Phineas T Barnum got Kierkegaard’s idea upside down. The Dane would have seen the ‘freaks’ as the audience and the gawkers as the exhibits. Most notably in the tragic case of Phineas Gage, the railway worker who at twenty-five had a three-and-half foot bolt stuck in his brain after an explosion while fitting tracks (1848). He survived with half a face and an open brain for nearly thirteen years. Barnum exhibited him, bolt and all. He became as notorious a figure in mid-19th century America as the Bearded Lady, General Tom Thumb, and, indeed, Jenny Lind, the Swedish Nightingale, not as a freak of nature but as a deadly warning of the risk railway workers were taking. In a better world he would have been a harbinger of health and safety.
That Gage was in sound mind was considered a medical miracle. Henry Bigelow, a surgeon from Harvard, examined him over a period of several months, taking innumerable measurements. His contribution to the zoning of the brain for mental characteristics was to introduce a symptom-based method of studying it. Nathaniel Hawthorne who, like Edgar Allan Poe, framed stories around scientific experiments, used Gage’s experience in a famous story in Twice-told Tales, but altered the details. The protagonist became a clergyman compelled by unknown forces to wear a black veil. Hawthorne’s emphasis was the effect on others of his change of face. A good man was seen as the devil incarnate.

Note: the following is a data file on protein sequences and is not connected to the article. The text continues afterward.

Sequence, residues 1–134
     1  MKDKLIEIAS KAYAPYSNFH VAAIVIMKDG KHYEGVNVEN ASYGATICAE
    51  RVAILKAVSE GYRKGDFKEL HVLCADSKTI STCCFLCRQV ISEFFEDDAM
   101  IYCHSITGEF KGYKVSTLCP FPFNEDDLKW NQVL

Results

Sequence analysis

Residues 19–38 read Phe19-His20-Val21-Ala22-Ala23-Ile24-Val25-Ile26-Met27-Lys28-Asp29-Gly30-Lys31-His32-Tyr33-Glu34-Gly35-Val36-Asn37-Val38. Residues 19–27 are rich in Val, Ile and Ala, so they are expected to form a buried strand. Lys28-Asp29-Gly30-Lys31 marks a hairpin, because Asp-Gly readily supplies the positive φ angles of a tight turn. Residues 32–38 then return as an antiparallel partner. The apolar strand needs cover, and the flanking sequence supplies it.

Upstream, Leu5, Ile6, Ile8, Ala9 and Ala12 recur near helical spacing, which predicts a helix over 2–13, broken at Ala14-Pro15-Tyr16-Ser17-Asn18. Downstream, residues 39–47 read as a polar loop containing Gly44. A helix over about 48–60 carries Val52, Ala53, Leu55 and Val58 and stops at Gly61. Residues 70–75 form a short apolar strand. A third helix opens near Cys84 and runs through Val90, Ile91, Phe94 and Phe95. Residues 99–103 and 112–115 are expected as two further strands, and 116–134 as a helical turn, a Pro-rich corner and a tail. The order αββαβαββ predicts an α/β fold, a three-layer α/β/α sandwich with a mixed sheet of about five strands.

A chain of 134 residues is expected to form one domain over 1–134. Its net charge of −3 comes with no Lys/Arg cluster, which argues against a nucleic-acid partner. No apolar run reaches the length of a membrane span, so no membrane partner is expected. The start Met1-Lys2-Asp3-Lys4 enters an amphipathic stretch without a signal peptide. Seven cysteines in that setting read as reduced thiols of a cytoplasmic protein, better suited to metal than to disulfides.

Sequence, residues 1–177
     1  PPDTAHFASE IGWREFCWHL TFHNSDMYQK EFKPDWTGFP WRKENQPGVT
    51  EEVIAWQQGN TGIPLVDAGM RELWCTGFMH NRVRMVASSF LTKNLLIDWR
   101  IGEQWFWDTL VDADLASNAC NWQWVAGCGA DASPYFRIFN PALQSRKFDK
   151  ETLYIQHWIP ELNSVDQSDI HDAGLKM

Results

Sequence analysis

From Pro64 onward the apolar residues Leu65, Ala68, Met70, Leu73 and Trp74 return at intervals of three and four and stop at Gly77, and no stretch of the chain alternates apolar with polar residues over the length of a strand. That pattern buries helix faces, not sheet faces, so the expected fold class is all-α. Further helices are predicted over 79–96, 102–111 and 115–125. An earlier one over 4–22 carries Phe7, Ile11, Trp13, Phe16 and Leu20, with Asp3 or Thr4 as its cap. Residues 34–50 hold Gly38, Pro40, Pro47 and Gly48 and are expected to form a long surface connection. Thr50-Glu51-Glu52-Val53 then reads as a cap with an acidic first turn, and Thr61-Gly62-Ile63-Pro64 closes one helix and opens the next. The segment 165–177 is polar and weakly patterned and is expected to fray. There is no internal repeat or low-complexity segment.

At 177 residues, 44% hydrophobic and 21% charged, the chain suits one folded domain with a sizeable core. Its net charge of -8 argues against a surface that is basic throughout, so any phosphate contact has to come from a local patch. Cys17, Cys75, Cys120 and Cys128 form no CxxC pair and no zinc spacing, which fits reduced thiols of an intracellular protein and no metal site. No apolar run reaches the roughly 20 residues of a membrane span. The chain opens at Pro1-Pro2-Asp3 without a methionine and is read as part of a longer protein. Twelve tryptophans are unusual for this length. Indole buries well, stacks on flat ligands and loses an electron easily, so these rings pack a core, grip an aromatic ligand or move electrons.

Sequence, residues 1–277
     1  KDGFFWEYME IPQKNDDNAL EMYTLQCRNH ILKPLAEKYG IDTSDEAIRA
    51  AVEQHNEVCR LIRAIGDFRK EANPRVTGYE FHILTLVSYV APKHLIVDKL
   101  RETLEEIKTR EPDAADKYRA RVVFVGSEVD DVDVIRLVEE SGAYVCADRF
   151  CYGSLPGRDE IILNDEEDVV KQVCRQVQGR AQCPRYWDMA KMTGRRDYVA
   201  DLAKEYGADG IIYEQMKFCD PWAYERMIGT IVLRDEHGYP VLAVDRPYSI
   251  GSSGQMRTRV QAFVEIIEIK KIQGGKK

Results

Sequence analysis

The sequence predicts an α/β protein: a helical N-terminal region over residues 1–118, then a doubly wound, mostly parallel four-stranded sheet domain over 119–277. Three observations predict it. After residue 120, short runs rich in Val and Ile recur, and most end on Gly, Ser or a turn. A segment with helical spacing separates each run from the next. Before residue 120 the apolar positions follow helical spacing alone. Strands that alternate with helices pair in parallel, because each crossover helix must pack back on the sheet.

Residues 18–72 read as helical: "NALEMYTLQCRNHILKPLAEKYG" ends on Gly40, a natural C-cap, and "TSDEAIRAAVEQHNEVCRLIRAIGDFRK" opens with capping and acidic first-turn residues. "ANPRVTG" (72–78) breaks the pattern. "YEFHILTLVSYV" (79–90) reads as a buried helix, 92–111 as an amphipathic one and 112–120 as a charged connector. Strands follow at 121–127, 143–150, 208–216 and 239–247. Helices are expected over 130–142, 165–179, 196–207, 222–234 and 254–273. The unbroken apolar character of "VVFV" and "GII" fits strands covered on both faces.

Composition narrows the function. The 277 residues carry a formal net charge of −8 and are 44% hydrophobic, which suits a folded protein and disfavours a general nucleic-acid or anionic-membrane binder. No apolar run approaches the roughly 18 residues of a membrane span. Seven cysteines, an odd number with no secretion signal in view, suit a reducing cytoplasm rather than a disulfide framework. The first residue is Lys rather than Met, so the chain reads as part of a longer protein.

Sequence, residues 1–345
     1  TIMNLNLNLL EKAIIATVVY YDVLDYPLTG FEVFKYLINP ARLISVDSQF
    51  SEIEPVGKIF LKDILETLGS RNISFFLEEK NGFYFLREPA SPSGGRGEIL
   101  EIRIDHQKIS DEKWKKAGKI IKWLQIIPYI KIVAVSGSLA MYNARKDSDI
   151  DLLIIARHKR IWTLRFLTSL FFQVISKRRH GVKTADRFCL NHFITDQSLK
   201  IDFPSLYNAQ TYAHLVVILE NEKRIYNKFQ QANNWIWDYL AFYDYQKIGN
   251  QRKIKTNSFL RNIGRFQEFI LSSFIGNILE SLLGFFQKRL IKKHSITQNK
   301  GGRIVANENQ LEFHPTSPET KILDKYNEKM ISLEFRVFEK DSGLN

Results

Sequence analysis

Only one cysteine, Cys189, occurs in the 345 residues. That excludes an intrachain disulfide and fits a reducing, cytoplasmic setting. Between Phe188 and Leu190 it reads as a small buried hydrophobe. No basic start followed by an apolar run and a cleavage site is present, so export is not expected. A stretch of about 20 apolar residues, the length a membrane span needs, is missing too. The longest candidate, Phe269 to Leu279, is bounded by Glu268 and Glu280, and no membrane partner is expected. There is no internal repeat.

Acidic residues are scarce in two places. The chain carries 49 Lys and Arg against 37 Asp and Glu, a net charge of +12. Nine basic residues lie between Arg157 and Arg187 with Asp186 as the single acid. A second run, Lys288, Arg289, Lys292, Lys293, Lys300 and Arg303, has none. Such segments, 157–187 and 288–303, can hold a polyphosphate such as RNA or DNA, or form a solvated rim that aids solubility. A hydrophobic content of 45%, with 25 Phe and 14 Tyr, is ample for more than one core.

In the 1990s his name began to appear in the neuropsychological literature as an early example of someone whose personality changed after a serious accident. Antonio Damasio in his Descartes’ Error (1994) used him to launch his theory of ‘developmental sociopathy’, which promoted the idea that the brain and the mind are one and the same, and so mental illness is a consequence of physical defects. Damasio’s presentation of a brain-damaged specimen from the past may have been designed to give historical depth to his bold assertions. His version of the Gage case has been reviewed by the medical historian Zbigniew Kotowitz, and shown to be an opportunist misreading of the documentation.
It is evident from three contemporaneous medical reports that Gage’s life, rather than his character, changed after the bolt shot through his head. As in the Hawthorne story, it was others who changed in relation to him. By all accounts Gage was just a man desperate for work who, because of his face, could only get it in a freak show, until a benevolent farmer facilitated his escape from the prurient public eye by giving him a job in his stables. Even before his accident, the intelligent and resourceful Gage (he was already a foreman), was a gentle, shy young man, not known to have a girl-friend. As a representative person he existed only as a freak or case-history to prove a dubious hypothesis. Pop stars are often similarly misrepresented. Thus, their high suicide rate.